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I have $A$ as an infinite set and $S$ as a countably infinite set, (so that means there exists a one-to-one correspondence between $S$ and $\mathbb{N}$).

How do I show that there always exists a bijection between $A$ and $A\cup S$? Can it be done by showing that there is a bijection from $A$ to $S$ or from $A$ to itself? I am lost on this one.

Oh, and can it be possible that there is no bijection if it is between $S$ and $A\cup S$? What about a map that maps $\mathbb{N}\to \mathbb{N}\cup\mathbb{R}$?

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  • $\begingroup$ You are talking about “bijection between an infinite set and its union with a countably infinite set”. $\Bbb N\to\Bbb N\cup \Bbb R$ isn't an example, because $\Bbb R$ isn't countably infinite. $\Bbb R\to \Bbb R\cup\Bbb N$ is an example, and there is a bijection. $\endgroup$
    – MJD
    Aug 25, 2014 at 14:37

2 Answers 2

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Take a countably infinite sequence from $A$ which includes $S\cap A$, denoted by $(a_n)_{n\geq 1}$. And denote also $S\cup \{a_n, n = 1,2,\cdots\} = \{b_n, n = 1,2,\cdots\}$, since the union of two countable sets are still countable.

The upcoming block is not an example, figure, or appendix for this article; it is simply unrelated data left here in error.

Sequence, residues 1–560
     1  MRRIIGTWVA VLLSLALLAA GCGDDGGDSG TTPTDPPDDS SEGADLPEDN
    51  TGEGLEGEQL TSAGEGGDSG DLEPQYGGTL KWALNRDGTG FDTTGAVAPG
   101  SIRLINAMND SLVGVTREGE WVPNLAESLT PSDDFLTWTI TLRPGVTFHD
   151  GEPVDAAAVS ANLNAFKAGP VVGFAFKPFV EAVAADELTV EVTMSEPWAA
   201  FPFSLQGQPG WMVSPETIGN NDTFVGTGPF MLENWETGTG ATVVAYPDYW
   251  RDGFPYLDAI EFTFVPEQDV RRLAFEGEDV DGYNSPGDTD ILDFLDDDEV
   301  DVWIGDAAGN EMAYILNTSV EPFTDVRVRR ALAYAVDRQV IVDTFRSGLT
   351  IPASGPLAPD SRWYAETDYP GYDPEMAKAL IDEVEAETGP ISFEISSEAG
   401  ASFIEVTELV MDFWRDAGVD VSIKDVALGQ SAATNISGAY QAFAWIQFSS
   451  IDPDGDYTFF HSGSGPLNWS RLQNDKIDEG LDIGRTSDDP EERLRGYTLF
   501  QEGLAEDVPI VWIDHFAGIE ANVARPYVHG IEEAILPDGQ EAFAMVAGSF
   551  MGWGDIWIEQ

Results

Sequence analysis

Then one explicit bijection between $A$ and $A\cup S$ is the following $f$:

$f(x) = x$ if $x \not\in \{a_n, n = 1,2,\cdots\}$, $f(a_{k}) = b_k$

Clearly it's a surjection. The fact that it's an injection is implied by the way we pick $(a_n)_{n\geq 1}$.

There can't be a bijection between $\mathbb{N}$ and $\mathbb{N}\cup \mathbb{R}$

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  • $\begingroup$ Could u tell us the intuition behind your choice of the function? $\endgroup$
    – Emptymind
    Apr 10, 2017 at 16:36
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Let $S=\{s_n\}_{n\in\mathbb N}$. As $A$ is infinite, then it has an infinite countable subset $\{a_n\}_{n\in\mathbb N}$.

Define now the following bejection $f:A\to A\cup S$:

$$ f(x)=\left\{\begin{array}{llll} x & \text{if} & x\in A\smallsetminus \{a_n\}_{n\in\mathbb N},\\ a_{n} & \text{if} & x=a_{2n-1},\\ s_{n} & \text{if} & x=a_{2n}. \end{array} \right. $$

There is no bijection between $\mathbb N$ and $\mathbb R\cup\mathbb N$, as there is no bijection between $\mathbb N$ and $(0,1)$. This is done using a standard (Cantor's) diagonal argument.

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  • $\begingroup$ It's possible that some $x$ in $A-\{a_n, n=1,\cdots,\}$ is equal to some $s_n$ $\endgroup$ Aug 25, 2014 at 15:01
  • $\begingroup$ I have assumed that $A\cap S=\varnothing$ $\endgroup$ Aug 25, 2014 at 15:08
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    $\begingroup$ Yeah, I guess so, why not mention it explicitly in the answer $\endgroup$ Aug 25, 2014 at 15:10
  • $\begingroup$ Could u tell us the intuition behind your choice of the function? $\endgroup$
    – Emptymind
    Apr 10, 2017 at 16:36
  • $\begingroup$ @YiorgosS.Smyrlis Could u tell us the intuition behind your choice of the function? $\endgroup$
    – user426277
    Apr 11, 2017 at 9:10

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